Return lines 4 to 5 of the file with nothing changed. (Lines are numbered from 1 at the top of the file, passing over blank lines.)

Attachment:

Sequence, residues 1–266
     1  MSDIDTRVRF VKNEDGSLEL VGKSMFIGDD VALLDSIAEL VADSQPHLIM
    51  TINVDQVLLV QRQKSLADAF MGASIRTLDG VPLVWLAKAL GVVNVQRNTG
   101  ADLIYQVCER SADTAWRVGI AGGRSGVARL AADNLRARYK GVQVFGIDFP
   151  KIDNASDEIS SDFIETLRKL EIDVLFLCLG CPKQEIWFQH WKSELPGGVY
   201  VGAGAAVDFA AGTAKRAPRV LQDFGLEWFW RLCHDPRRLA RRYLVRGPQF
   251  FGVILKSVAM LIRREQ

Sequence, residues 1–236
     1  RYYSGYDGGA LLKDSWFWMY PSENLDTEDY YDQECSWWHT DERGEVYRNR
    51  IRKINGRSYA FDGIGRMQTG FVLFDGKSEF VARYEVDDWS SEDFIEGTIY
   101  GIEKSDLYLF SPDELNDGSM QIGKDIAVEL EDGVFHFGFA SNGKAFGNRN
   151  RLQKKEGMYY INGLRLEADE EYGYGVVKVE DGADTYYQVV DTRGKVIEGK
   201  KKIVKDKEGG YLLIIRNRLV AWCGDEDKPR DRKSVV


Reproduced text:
   101  ADLIYQVCER SADTAWRVGI AGGRSGVARL AADNLRARYK GVQVFGIDFP
   151  KIDNASDEIS SDFIETLRKL EIDVLFLCLG CPKQEIWFQH WKSELPGGVY